Causey v. Gossip

The Causey Way Causey vs. Everything (Alternative Tentacles)
The Gossip That’s Not What I Heard (Kill Rock Stars)

It’s fairly difficult for an indie band to swing with any credible authenticity. Perhaps it’s the genre’s innate bookishness that prevents its players from getting the rhythm just right. Still, many a liberal arts college student has delved into the bins of his local used record store and discovered a love for the hip-thrusting rhythms of the early days of rock ‘n’ roll. After all, one could argue it was the initial combination of the Britons’ bookish nature and the Yanks’ soul that created rock ‘n’ roll. Study the right records, smoke the right cigarettes and you’re on your way to being Keith Richards.

Two recent releases have us questioning the notion that the indie set can’t swing.

The Gossip plays rock ‘n’ roll stripped to its barest essentials: one guitar, a set of drums and a large-lunged, beehive-coifed front-woman. The howl and shake of the trio has been previously unknown on Kill Rock Stars, who has released their full-length, That’s Not What I Heard. Blame their blend of punk DIY aesthetics and blues timbres on the Gossip leaving small-town Arkansas for the fertile climes of the Pacific Northwest.

The two instruments keep everything simple — the guitar often plays simple one string riffs while the drums rely on pounding every beat. The lack of a bass is hardly noticed with the impressive voice of singer, Beth. Like something of a punk Elvis, Beth’s voice resembles that of Glenn Danzig (a punk rock Elvis if there ever were one) at times. Sometimes howling and sometimes whispering, Beth belts out songs with an undeniable enthusiasm.

The album plays like their live set, jumping from one song to the next with little pause. “Hott Date” and “Bones” stand out for their loud-soft dynamics. The double-shot of “Got Body If You Want It” and “Where the Girls Are” is propelled by Nathan’s blues-riffing and Beth’s urgent vocals. The subject matter is almost exclusively sex and is absolutely appropriate for their blues-charged rock. The 14 songs don’t even take up 25 minutes. More than one repeat of the chorus is rare. And it’s good for the band. Their music is greatly limited by their instrumentation so it’s to their benefit that they don’t attempt anything longer.

Unfortunately, the songs often blur together because of their similar sounds. The band should not be missed live where similar songs just keep the bodies moving. The record is a great capture of their sound, but it’s not one that will sustain repeated listenings — as one might do when reviewing a record. That said, for fun, hip shakin’, rock ‘n’ roll, one could do much worse.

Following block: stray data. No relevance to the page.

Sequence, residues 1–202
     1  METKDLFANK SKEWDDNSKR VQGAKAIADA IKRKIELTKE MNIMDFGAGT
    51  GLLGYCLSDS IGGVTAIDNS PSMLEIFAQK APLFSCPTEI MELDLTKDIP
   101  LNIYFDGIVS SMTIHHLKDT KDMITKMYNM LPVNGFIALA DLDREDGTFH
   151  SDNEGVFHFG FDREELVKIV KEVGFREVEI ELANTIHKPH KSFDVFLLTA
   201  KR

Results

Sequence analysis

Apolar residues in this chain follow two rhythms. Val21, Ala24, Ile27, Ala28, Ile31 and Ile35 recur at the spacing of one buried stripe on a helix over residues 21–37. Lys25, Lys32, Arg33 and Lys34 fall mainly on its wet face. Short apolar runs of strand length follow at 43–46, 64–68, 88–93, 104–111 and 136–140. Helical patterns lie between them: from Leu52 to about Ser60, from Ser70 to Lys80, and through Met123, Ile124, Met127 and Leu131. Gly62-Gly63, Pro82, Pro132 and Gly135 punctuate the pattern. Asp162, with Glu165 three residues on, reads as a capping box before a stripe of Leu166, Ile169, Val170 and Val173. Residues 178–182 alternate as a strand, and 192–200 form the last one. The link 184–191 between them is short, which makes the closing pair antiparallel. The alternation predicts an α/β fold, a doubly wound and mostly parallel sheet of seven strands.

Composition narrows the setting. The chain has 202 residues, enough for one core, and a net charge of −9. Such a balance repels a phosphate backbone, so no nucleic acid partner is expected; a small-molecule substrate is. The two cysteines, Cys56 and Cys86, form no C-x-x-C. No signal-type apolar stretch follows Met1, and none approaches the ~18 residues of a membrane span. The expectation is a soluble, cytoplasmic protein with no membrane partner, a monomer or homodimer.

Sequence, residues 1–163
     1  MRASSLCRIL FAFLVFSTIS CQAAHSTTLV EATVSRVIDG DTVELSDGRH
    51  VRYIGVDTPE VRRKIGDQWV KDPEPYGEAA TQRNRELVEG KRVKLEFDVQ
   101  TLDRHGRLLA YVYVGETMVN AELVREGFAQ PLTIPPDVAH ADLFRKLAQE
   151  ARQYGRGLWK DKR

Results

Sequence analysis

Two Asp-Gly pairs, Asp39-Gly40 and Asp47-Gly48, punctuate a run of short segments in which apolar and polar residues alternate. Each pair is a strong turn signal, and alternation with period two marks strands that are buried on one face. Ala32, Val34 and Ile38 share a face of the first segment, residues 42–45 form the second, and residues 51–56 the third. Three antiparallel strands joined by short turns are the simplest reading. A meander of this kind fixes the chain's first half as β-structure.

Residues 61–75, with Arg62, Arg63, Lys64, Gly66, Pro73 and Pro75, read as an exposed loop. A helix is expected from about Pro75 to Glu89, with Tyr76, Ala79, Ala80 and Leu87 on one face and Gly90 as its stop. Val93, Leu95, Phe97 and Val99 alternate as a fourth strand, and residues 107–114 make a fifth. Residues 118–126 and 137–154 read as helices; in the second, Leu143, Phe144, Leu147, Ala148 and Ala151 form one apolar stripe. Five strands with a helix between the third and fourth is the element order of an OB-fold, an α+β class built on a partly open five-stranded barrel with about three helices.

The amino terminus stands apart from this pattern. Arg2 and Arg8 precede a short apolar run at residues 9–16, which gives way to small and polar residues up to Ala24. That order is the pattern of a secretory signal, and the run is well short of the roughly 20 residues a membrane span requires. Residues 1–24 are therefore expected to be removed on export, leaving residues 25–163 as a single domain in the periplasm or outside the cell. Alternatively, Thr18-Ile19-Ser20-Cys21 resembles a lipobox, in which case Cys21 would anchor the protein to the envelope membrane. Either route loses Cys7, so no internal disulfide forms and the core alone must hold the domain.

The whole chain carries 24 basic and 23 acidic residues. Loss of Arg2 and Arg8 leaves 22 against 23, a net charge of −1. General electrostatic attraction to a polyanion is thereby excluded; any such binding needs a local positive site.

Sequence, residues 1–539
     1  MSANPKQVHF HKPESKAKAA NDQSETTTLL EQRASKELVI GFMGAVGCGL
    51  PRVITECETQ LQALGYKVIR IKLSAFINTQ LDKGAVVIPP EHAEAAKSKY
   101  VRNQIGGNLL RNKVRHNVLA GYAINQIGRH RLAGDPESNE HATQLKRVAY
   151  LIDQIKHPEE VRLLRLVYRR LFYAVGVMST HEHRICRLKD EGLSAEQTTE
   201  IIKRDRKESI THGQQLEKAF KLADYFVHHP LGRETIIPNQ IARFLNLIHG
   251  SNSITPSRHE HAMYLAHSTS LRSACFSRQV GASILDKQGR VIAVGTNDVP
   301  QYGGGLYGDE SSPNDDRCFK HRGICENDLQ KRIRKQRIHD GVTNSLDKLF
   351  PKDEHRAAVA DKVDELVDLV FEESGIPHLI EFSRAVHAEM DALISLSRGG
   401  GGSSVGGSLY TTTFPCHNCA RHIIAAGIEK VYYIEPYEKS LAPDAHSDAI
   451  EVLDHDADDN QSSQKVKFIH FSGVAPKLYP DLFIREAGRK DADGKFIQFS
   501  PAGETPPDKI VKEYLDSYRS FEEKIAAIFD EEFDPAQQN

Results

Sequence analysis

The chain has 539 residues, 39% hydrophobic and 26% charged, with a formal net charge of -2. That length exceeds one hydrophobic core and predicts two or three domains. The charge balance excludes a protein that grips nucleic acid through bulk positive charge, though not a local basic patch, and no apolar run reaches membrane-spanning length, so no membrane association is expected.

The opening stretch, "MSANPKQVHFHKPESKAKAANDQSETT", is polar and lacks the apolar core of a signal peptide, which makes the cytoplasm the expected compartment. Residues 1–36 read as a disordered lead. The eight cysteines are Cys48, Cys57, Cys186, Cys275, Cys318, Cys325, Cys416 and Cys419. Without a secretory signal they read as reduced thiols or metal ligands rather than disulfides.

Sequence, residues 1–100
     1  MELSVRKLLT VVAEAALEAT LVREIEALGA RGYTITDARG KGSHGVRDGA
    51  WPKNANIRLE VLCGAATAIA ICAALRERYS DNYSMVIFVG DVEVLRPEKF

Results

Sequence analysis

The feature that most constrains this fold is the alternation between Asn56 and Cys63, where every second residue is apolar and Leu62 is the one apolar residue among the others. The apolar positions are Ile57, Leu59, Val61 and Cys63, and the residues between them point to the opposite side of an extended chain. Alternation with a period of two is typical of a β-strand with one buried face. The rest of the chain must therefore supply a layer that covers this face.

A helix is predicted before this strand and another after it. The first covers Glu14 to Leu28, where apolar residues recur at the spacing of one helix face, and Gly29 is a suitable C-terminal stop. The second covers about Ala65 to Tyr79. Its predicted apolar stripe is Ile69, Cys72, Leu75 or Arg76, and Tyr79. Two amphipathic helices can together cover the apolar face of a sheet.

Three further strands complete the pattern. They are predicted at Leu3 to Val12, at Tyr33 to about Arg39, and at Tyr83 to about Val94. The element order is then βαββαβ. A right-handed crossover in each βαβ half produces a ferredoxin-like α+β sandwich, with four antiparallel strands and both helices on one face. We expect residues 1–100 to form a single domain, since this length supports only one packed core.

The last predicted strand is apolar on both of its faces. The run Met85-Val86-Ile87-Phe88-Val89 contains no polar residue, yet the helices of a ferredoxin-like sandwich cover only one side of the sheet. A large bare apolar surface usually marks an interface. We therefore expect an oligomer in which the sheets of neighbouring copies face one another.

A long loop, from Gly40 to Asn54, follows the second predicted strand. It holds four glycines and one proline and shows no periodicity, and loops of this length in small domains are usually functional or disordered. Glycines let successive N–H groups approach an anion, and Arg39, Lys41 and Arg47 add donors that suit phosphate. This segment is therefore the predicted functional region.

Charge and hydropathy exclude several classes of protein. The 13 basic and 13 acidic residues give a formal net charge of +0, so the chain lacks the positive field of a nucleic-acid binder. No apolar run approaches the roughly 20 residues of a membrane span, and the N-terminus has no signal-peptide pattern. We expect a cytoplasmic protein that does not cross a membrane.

The Causey Way is a different type of animal to say the least. The band insists they are some sort of religious revivalists — not a cult, they say — and plays it so straight that you might start to believe them. Calling the songs on their new release Causey vs. Everything, “hymns” (as they do), is more than a little misleading. The brief tunes have more energy than a month of Sundays. The recordings are done by any combination of ten members. Part of the “fun” of the group is that we have little more than their pseudonyms by which to identify them. The group is led by “Causey” and composed of such members as Red Causey, The Truth, Dr. St. Causey, The Button, Boy Causey (a.k.a. “Brian” of Man or Astroman?) and Summer Phoenix.

One might suspect the sounds of ten collaborators to be a little disjointed, but only the change in singers is evidence of the band’s collectivism. “Te Como Vivo,” the first track on the record, is an impassioned introduction to the band. Simple slow piano begins the song, which soon pulses with synthesizers and a tight bass/drums rhythm. Sung in Spanish by the member we can only assume is “The Truth,” the song is full of life. Neither cold nor alien like much music driven by synthesizers, the song is warm and welcoming. It doesn’t hurt that the husky, feminine, Spanish voice is amazingly sexy.

“Te Como Vivo” sets the tone for the rest of the album. Even agitated songs like “Geo Logical Lust” and “Money” welcome the listener despite their frenetic voices and synths. The heart of the band’s sound, like The Gossip’s, lies in their palpable passion. The Causey Way never comes across as vicious or insane like, say, Six Finger Satellite. They believe so much in what they’re doing that, like any good missionaries (or con men), they are able to convince their audience to believe as well.

Smack dab in the middle of the record, the one-two punch of “Ana Caelo” and “Take Your Chances” should convert what few agnostics are still listening. The simple keyboards and Casio drumbeat of “Ana Caelo” allow the low female voice to wrap itself around the speakers. “Take Your Chances” takes great advantage of the different timbres of the singers’ voices. The Truth’s sexy voice plays off Causey’s hyper shouts — “Don’t chance it, don’t chance it,” she cautions while he counters, “Take your chances, take your chances!”

The sonic blast of “U.F.O.” closes the album (not counting the “hidden track” — a mix of Wesley Willis leaving a message on Causey’s answering machine). The shout-along is a perfect climax to the album’s relentless passion.

If for no other reason than that these two groups believe they can swing, twist and bump with the best of them, we should pay attention. The disenfranchised wallflowers of yesterday’s indie scene may be the life of tonight’s party.